hat sets this book apart from a standard history text is the author's attempt to explain the politics of the time that influenced the formation and decisions of the Order. Howarth has succeeded in this attempt and gives the reader a good feel for the motivations of the main players, not only in the Order itself, but also the various kings, princes, priests, popes, and other assorted characters who influenced the courseof the Holy Wars and the fate of the Order.
he book is written in a style that is easy to read and sometimes seems more like a novel than a history. But don'tlet the author's style fool you, the book presents the Order in a factual and mostly unbiased fashion. Howarth occasionally lets his opinion of the character (or lack of character) of historical figures into the book, but these comments are easily identified and do not affect his presentation of facts.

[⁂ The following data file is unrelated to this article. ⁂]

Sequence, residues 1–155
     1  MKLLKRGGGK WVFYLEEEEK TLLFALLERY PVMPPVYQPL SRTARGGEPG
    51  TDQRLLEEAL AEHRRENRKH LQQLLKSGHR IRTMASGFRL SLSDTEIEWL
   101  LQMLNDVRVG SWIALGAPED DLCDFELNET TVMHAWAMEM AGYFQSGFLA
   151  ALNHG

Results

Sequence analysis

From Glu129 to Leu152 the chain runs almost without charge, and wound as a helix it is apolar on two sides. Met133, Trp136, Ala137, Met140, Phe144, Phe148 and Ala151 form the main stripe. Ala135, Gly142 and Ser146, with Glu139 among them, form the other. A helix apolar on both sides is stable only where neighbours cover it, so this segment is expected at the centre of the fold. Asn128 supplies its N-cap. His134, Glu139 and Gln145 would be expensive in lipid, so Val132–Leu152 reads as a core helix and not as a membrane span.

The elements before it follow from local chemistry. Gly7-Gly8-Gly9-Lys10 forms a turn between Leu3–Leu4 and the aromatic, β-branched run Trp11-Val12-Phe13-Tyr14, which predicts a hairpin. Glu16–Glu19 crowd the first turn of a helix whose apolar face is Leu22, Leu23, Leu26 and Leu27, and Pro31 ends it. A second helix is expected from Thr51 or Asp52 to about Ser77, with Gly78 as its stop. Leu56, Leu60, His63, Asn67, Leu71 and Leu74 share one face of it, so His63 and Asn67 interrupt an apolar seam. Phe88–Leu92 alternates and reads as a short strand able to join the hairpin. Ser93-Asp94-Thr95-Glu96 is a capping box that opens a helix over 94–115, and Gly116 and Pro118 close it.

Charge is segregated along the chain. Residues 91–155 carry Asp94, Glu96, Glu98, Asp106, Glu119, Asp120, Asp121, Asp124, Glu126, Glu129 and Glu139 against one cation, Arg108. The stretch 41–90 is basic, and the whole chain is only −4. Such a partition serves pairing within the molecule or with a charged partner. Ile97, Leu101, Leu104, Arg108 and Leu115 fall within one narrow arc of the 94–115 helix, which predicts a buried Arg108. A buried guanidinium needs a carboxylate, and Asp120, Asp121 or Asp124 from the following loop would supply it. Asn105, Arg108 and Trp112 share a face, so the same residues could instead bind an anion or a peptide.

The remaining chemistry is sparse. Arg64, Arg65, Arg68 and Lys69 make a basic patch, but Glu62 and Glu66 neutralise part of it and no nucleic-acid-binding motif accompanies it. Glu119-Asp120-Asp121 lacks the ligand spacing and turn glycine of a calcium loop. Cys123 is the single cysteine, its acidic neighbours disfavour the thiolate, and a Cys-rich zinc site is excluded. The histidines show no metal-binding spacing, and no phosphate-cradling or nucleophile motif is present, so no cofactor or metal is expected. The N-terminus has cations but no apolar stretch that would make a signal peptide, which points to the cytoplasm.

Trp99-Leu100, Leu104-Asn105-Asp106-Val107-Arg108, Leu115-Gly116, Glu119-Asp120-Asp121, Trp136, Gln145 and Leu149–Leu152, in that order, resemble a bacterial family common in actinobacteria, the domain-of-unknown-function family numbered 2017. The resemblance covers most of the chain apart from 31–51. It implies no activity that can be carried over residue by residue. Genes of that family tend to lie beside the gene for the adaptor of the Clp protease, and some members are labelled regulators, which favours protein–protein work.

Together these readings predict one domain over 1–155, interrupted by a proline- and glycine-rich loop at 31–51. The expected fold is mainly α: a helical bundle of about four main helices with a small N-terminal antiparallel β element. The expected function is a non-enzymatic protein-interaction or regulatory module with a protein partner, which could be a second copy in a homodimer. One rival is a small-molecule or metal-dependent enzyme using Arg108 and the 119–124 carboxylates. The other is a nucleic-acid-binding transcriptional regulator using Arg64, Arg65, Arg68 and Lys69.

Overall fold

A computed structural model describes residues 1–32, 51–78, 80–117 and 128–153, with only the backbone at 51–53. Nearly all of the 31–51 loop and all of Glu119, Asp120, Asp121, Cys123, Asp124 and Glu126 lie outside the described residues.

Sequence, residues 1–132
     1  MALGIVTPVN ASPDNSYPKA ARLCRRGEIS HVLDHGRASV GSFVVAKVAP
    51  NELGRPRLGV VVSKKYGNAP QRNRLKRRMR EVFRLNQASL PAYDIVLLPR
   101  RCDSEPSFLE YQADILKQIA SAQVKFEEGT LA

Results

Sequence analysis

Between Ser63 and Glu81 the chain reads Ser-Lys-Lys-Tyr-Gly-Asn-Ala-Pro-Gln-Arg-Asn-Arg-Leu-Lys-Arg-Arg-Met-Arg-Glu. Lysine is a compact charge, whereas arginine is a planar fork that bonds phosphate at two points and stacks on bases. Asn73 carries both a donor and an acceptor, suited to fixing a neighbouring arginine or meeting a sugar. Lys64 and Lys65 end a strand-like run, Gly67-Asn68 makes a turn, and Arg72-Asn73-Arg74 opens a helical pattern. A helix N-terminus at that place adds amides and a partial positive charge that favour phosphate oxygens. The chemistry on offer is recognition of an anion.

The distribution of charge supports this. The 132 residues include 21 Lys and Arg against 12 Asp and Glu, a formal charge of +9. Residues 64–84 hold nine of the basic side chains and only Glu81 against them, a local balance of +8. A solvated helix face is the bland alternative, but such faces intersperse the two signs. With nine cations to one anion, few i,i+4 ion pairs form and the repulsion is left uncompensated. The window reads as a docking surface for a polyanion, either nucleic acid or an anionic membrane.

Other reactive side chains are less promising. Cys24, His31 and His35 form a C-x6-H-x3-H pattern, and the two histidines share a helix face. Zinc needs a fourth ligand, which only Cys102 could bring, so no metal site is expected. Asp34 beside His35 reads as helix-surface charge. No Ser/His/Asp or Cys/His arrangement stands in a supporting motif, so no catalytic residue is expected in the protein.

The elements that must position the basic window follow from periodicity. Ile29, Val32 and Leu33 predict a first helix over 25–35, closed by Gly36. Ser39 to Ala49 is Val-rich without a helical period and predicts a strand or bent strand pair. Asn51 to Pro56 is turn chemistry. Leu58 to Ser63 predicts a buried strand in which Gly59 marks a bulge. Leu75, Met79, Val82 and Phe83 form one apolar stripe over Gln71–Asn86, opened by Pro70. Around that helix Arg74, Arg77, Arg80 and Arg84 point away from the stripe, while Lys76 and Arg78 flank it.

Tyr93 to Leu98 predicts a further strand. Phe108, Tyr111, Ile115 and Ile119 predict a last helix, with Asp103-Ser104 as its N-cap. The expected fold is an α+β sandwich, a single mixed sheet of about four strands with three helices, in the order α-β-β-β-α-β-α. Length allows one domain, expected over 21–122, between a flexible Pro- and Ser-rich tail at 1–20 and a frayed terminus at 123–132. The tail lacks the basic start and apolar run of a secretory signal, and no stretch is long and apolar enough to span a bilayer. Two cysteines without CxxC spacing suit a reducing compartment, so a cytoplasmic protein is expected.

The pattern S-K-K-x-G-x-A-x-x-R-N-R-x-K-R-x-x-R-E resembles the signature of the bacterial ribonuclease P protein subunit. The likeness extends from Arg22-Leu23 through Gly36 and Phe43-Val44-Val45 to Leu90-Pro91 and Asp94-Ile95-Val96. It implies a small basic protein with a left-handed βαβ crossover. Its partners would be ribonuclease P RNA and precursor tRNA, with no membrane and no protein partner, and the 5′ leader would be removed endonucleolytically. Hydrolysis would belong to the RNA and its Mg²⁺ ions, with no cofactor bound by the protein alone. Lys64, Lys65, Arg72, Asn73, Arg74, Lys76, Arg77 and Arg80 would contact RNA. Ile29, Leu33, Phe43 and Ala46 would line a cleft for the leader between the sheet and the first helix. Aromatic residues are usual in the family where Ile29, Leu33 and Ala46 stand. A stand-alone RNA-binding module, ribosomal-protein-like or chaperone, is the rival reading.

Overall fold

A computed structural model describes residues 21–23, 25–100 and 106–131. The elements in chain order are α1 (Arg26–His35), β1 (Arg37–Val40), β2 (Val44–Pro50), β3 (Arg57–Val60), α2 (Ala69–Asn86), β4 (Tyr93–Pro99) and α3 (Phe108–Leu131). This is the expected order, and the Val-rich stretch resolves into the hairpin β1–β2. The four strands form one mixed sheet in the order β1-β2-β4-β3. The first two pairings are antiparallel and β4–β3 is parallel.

his book does not try to support any of the popular myths about the Templars, with one exception. It suggests that the Shroud of Turin may have been the mysterious head that the Templars were accused of worshipping, though this support of the theory is presented as speculation rather than an established fact. Howarth suggests the shroud may have been acquired during the sack of Constantinople where it may have been known by the name of "Mandylion". This Mandylion was known to have existed prior to the sack and was said to have been an image of Jesus.
verall, this book is a fine presentation of the history of the Templars and the crusades. The book also contains an extensive bibliography and an index.
Publication data: ISBN 0-88029-663-1, Barnes & Noble, New York,1993
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